Pain And Promise: A Sculpture In Miami Reflects The Struggle In Puerto Rico

Dec 4, 2017

Last Friday, with dignitaries and civic hoopla, the new home of the ICA – the Institute of Contemporary Art, Miami  – was inaugurated in the Design District. It was an exuberant kick-off to Miami’s Art Week.

But even then, the air was much quieter behind the new museum building, in its patio sculpture garden. In that more contemplative space, one immense sculpture stood out – not only because it’s striking but because it’s achingly somber. And because it’s very timely.

It’s called “Unspecified Promise” by the Puerto Rico-based conceptual art team of Jennifer Allora and Guillermo Calzadilla. The ICA commissioned the sculpture last year during the throes of Puerto Rico’s economic crisis  – well before Hurricane Maria demolished the island.

READ MORE: Wreckage Reporting: Getting Tools to Puerto Rican Journalists Post-Maria

As you approach the work, you’re first drawn to a beat-up yellow Caterpillar backhoe.

“It’s destroyed and yet it’s what’s holding up the sculpture,” said Alberto Ibargüen, head of the Knight Foundation, a major ICA backer, as he took his first look at “Unspecified Promise.”

You can see all those traces and marks, and they become metaphoric. They can feel or look like wounds or scratches or something inflicted in the body. –Guillermo Calzadilla

Ibargüen was born in Puerto Rico, and he got what Allora and Calzadilla are trying to convey: “This is something beautiful that was Puerto Rico that is now in danger of toppling.”

That anxiety is heavy in the sculpture. Literally. It uses a 40,000-pound block of granite that could be the raw building material of Puerto Rico, a U.S. island territory. The granite is joined to the backhoe – but the length of that construction equipment is sliced in half.

Which is the whole – or at least half – the point, because Puerto Rico’s calamitous economic crisis ruined the construction company of Calzadilla’s father.

“It went bankrupt,” said Calzadilla, speaking to WLRN from New York. “And that raised our interest in all these construction objects my father had. You could see all these machines looking a little bit sad.”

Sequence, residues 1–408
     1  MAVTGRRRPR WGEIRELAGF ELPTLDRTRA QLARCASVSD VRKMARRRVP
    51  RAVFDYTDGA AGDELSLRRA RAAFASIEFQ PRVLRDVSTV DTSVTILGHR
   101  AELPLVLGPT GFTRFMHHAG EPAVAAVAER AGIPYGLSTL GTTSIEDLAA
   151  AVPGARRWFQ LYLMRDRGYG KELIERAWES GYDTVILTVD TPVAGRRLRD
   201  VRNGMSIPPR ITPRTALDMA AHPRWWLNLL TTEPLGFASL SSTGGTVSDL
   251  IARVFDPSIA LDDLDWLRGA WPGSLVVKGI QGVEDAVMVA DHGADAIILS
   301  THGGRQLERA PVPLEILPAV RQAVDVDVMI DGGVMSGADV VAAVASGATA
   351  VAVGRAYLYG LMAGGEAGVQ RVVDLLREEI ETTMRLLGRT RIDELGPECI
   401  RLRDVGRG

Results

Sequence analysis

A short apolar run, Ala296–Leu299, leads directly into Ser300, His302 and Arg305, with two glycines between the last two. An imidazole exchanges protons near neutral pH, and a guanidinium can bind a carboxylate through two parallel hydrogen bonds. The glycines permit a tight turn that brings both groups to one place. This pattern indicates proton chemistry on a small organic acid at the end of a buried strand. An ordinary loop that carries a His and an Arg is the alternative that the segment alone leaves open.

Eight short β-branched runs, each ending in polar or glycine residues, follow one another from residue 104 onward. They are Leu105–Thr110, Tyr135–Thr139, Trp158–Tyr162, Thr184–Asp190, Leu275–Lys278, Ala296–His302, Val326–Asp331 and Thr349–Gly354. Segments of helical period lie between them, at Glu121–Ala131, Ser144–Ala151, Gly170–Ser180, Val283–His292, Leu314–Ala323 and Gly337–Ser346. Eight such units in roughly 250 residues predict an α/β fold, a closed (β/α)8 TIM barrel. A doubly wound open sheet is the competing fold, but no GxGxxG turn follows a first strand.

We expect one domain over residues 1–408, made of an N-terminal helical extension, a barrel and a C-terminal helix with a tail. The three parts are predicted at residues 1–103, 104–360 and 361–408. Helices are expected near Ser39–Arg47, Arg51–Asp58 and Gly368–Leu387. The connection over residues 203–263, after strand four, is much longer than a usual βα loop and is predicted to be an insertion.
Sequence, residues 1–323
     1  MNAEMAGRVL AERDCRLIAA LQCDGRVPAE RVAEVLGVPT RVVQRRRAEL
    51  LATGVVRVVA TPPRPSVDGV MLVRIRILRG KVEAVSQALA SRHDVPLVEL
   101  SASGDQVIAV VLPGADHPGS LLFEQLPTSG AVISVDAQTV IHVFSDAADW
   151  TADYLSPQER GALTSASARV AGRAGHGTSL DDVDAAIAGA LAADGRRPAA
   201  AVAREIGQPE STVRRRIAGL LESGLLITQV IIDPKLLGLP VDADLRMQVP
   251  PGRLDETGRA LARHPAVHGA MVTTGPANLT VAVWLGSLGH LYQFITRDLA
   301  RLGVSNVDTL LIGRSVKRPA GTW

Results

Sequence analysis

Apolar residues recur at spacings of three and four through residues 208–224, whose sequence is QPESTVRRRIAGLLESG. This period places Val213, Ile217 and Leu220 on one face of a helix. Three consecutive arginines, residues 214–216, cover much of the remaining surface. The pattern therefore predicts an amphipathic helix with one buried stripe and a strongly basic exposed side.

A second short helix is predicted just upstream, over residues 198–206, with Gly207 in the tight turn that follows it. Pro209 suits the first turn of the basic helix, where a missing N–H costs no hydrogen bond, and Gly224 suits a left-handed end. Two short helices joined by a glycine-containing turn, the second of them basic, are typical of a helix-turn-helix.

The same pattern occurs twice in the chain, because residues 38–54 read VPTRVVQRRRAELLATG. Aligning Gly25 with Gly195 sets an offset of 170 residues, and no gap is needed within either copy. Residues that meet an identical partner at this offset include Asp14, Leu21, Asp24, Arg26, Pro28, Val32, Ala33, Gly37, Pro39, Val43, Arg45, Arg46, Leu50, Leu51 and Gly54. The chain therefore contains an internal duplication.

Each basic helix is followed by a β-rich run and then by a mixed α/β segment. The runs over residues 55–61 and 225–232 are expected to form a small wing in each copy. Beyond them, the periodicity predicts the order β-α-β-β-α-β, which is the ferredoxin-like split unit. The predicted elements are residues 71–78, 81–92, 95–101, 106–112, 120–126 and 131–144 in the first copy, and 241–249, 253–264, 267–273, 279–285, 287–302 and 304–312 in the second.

To Calzadilla, the sculpture’s battered, sawed-in-half digging machine can look not just sad but maimed.

Jennifer Allora and Guillermo Calzadilla
Credit Marion Vogel

“You can see all those traces and marks, and they become metaphoric,” he said. “They can feel or look like wounds or scratches or something inflicted in the body.”

Which is why “Unspecified Promise” is even more meaningful now as Puerto Rico struggles to recover from the awful wounds of the hurricane. Allora, who is Calzadilla’s partner in life as well as art – they met at art school in Italy and have a 7-year-old daughter –, said their sculpture’s location in Miami is relevant too, as tens of thousands of Puerto Ricans leave the beleaguered island for Central and South Florida.

“The storm really did just sort of strip the skin off of all of these relations,” Allora said. “So for us, the work speaks to a kind of migration dynamic at play within Miami that also extends directly to Puerto Rico.”

But the sculpture’s most entrancing feature is meant to evoke more hope than sorrow. As you gaze at the polished granite, the reflection makes the half backhoe look complete again. It’s also a reflection of Puerto Rico’s potential. Unfulfilled, or as the title says unspecified promise.

“In this reflection was this idea of the possibility of a world that is to come that keeps you constantly straining to move into the future,” says Allora. “But knowing at the same time how much that’s an illusion.”

In this reflection was this idea of the possibility of a world that is to come. But knowing at the same time how much that's an illusion. –Jennifer Allora

Allora and Calzadilla are celebrated for this kind of provocative work. At the Venice Biennale six years ago, critics hailed them for turning an army tank upside down; its tracks became a treadmill for runners. They’ve also created statements about the U.S.’s neglectful treatment of Puerto Rico.

They are not Puerto Rican. She’s from Philadelphia; he’s from Cuba. But they’re among Puerto Rico’s most famous artists today.

“They’ve been really important making an example for Puerto Rican artists and what they can achieve,” says Puerto Rican art expert Celina Nogueras, who heads the Muuaaa design studio in San Juan.

Allora & Calzadilla's upended tank sculpture from the 2011 Venice Biennale, with a track and field runner using the tank tracks as a treadmill.
Credit Tascha Horowitz / Courtesy of the Indianapolis Museum of Art

Nogueras hopes the fact the ICA sculpture is debuting during Miami’s renowned Art Basel week will inspire Puerto Rican artists to stay on the island despite the hurricane hardships.

“How are the artists going to sell their work here?” she asks. “Who’s going to be buying their work now? Can you survive?”

The ICA says “Unspecified Promise” is a boon to the museum – and Miami’s particular role as a conduit to Latin America and the Caribbean.

“It’s the perfect project for the inauguration of the ICA in Miami,” says Alex Gartenfeld, the ICA’s chief curator. “It poses very sensitive and critical questions about our collective responsibility in creating not just a commemoration of recent events in Puerto Rico, but an active engagement as well.”

Last month, as the sculpture was being moved into the ICA, it fell from a crane. It wasn’t damaged – and the mishap, says Gartenfeld, only added to the work’s mystique as an expression of Puerto Rico’s adversity.